Unlawful killing ‘could be found’ in Yousef Makki case, inquest hears

·3-min read
Yousef Makki (Family handout/PA) (PA Media)
Yousef Makki (Family handout/PA) (PA Media)

An unlawful killing conclusion could be found in the case of an ex-public schoolboy cleared of murdering his friend, an inquest heard.

Joshua Molnar stabbed his friend Yousef Makki in the heart with a flick knife after a row in the upmarket village of Hale Barns, Cheshire on the early evening of March 2, 2019.

Both aged 17 at the time, Molnar claimed there was a “coming together” after Mr Makki pulled a flick knife out on him first and he took out his own knife.

He claimed self-defence and was cleared of manslaughter and murder by a jury following a four-week trial at Manchester Crown Court in July 2019.

But Pete Weatherby QC told Stockport Coroner’s Court a verdict of unlawful killing could be safely found at the conclusion of the inquest into Yousef’s death.

He said while the standard of proof in criminal trials is “beyond reasonable doubt”, the standard during inquests is lower, being “on the balance of probabilities”.

Joshua Molnar arriving at Manchester Crown Court (Peter Byrne/PA) (PA Archive)
Joshua Molnar arriving at Manchester Crown Court (Peter Byrne/PA) (PA Archive)

On the sixth day of the inquest, in final legal submissions to Alison Mutch, senior coroner for South Manchester Mr Weatherby said: “The jury (in the criminal trial) may well have formed the view Mr Molnar probably committed one of the homicide offences but could not exclude the possibility of self-defence and were required by law to acquit.”

Mr Weatherby said there were no “logical or legal inconsistencies” in coming to an unlawful killing verdict in the inquest, where different standards of proof apply.

But Alistair Webster QC, representing Molnar, said there was “no basis” for Ms Mutch to conclude a verdict of unlawful killing, given his client had been cleared in the criminal trial.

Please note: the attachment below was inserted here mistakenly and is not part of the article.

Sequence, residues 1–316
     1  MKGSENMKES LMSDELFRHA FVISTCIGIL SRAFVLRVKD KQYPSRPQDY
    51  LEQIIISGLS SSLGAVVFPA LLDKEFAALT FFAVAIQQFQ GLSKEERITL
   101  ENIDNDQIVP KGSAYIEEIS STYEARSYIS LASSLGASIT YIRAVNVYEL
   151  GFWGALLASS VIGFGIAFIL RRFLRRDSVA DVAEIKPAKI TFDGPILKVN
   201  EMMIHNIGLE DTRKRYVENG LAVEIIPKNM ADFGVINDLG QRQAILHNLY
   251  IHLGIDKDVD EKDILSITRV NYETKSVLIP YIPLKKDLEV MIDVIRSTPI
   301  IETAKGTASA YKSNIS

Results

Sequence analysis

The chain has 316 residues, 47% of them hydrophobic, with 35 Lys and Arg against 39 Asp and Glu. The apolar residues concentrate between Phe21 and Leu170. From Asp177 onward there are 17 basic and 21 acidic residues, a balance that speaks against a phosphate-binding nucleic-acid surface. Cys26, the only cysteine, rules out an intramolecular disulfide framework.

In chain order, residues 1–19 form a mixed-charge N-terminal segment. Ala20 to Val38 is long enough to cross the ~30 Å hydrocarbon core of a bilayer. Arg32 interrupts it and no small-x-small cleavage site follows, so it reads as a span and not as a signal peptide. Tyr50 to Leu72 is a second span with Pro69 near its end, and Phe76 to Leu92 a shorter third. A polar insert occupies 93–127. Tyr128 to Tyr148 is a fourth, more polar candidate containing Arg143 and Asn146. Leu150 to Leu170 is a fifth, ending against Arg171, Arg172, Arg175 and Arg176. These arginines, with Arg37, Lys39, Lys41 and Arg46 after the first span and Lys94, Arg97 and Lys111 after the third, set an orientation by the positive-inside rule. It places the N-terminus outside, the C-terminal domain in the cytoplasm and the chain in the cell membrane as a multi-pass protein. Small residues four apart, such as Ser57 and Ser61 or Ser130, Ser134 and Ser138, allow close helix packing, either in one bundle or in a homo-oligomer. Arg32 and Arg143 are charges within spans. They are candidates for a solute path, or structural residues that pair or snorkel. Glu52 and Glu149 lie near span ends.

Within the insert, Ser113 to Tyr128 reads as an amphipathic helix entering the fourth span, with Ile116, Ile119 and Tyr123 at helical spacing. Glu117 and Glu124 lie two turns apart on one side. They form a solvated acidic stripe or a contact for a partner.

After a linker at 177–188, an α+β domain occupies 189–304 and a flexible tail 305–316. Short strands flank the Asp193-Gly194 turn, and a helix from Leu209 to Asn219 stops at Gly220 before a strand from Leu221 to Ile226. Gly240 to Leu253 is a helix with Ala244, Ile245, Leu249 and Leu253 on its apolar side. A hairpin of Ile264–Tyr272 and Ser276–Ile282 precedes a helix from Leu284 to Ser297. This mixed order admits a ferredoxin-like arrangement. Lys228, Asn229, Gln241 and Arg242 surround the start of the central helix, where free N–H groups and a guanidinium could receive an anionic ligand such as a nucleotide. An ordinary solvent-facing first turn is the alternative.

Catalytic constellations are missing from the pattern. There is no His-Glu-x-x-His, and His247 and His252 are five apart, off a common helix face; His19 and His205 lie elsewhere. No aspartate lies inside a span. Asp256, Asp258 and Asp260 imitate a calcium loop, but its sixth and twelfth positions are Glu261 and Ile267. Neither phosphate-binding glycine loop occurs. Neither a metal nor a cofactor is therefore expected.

He said if the jury’s and the coroner’s conclusions were “inconsistent” it would “bring the law into disrepute”.

He added: “The circumstances themselves justify self-defence, since infliction was not deliberate, the reality was a terrible accident.”

Molnar and another youth involved in the incident, Adam Chowdhary, had led double lives, playing “middle-class gangsters” listening to Drill music, smoking cannabis and carrying knives despite both coming from wealthy Cheshire families and living in a leafy, low-crime area, the trial heard.

Mr Makki, from a single-parent family from south Manchester, won a scholarship to the £12,000-a-year Manchester Grammar School, where Chowdhary was also a pupil.

The court heard Chowdhary had bought two flick knives from an online website, Wish, for himself and Yousef, and took them out that day to impress Molnar.

The lead-up to Yousef’s death has been described as either a drug deal gone wrong or a revenge attack, leading to Molnar being beaten up and his £2,000 bike thrown in a hedge and lost – while Chowdhary fled and Yousef stood by.

They then came to blows and the knives were produced, Molnar told the inquest, with Yousef being stabbed in the heart.

Molnar was jailed for 16 months for possession of a knife and perverting the course of justice by initially lying to police at the scene about what had happened.

Chowdhary was given a four-month detention order after admitting possession of a flick knife but cleared of perverting the course of justice.

Ms Mutch retired to consider her conclusions and the inquest will resume on Wednesday.

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